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Readers Comments

Alicia Ramos 2013/04/12 at 7:01 am

Our government has taken a positive first step in terms of President Obama signing an executive order to protect the rights and enhance the opportunities of service members in their educational pursuits. However, an EO is only good insofar as it is backed up by additional resources. We need to invest more in research into the unique needs of student veterans and into training for college support staff and faculty. Plain and simple.

Jennifer McMenemy 2013/04/12 at 12:48 pm

What Coll suggests for addressing the needs of student veterans is, in reality, the same for students across the board: individualized support. Now, that support may look different for student veterans — and this is where specialized training for support workers plays an important role. I read Coll’s Handbook of Military Social Work and found it quite helpful in identifying the unique military culture he discusses in this article and the corresponding behavioral challenges it brings up. I recommend it for anyone working with student veterans, but also active military service members and their families.

Kevin Wilson 2013/04/13 at 8:02 am

This article is a reminder that we need a new way of serving student veterans. It’s not enough to simply offer them access to the same resources as other students. Schools that understand this have started to offer student veterans their own set of support staff, trained to address their specific issues and, in some cases, veterans themselves. In order to best serve those who have served our country best, we need to — like Coll says — adopt a new way of thinking about what “military friendly” means.

Chance 2013/05/09 at 12:15 pm

I love these comments. I have worked for a for profit online university as a military specialist. This university, Kaplan University did some unethical business tactics to get all military enrolled, especially with the veterans and dependants. I had several hundred students, in which I treated uniquely ans personally. The re- entry process they put them thru was extremely stressful and degrading. By degrading I mean, the process was set up for them to fail after funds, where accepted. They stressed them out by making them do certain admissions steps that took months, sometimes years. I can go on but it wouldn’t be worth the argument and I have to much respect for our military, since I come from a Marine Corp family. I will say this, when my team would go up and beyond to assist our military students we got in trouble?? I personally got laid off due to my work ethic and love for my career in Higher Education. Please feel free to contact me so I can feel better and get some sleep!! KU, is seriously wrong and their strong arm business tactics towards our military students has to stop! For-profit schools don’t care about anyone but their bottom line, and what amazes me is some of my superiors in my department were military? That hurts!!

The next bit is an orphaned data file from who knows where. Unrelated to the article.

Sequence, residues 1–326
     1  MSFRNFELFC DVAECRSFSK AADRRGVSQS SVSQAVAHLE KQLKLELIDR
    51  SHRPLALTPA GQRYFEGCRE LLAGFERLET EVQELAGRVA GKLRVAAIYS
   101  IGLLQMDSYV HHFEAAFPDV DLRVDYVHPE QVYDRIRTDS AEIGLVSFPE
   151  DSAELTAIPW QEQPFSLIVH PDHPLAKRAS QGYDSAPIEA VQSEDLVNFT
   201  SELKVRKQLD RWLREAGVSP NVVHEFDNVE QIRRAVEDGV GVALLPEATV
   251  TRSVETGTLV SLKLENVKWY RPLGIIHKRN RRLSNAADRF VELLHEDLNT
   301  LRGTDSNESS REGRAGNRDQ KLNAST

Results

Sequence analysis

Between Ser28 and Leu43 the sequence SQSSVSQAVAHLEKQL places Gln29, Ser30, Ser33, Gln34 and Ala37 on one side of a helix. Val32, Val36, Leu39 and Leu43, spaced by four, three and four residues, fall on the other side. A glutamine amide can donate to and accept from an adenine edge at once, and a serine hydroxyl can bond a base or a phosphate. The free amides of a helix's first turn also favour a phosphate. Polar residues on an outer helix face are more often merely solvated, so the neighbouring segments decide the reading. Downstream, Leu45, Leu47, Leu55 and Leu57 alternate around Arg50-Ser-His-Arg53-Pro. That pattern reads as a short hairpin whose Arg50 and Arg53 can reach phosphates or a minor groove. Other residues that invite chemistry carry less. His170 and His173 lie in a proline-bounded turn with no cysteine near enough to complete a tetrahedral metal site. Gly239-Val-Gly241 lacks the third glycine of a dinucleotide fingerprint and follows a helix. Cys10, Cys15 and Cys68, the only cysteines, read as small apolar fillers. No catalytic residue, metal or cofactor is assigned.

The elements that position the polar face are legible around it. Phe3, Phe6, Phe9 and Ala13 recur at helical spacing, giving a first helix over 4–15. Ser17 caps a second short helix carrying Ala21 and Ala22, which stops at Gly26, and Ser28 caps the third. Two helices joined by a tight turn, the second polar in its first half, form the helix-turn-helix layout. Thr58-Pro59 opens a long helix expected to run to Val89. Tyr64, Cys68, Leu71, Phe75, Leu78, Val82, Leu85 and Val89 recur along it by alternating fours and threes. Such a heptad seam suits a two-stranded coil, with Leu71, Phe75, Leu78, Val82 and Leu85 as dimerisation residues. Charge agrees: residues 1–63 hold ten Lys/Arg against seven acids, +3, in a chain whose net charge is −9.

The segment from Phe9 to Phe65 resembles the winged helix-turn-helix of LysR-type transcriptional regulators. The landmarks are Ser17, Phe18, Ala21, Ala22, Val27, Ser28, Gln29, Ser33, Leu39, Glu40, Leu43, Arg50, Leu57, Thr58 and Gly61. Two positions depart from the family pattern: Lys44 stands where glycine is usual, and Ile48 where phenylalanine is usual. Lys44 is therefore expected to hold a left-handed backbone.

Jose E. Coll 2015/01/25 at 9:41 pm

If you are seeking a new book that explores our responsibility and role in supporting Veterans in Higher Education then you may be interested the forthcoming “Supporting Veterans in Higher Education” which has been written to be an essential text that draws attention to the unique needs of student veterans and how they can be enabled to achieve a successful transition from military to civilian life. This book explores effective ways of advising student veterans, learning the behavioral health factors that affect academic success, building supportive communities, and much more.

http://www.lyceumbooks.com/SupportVetsInHigherEdu.htm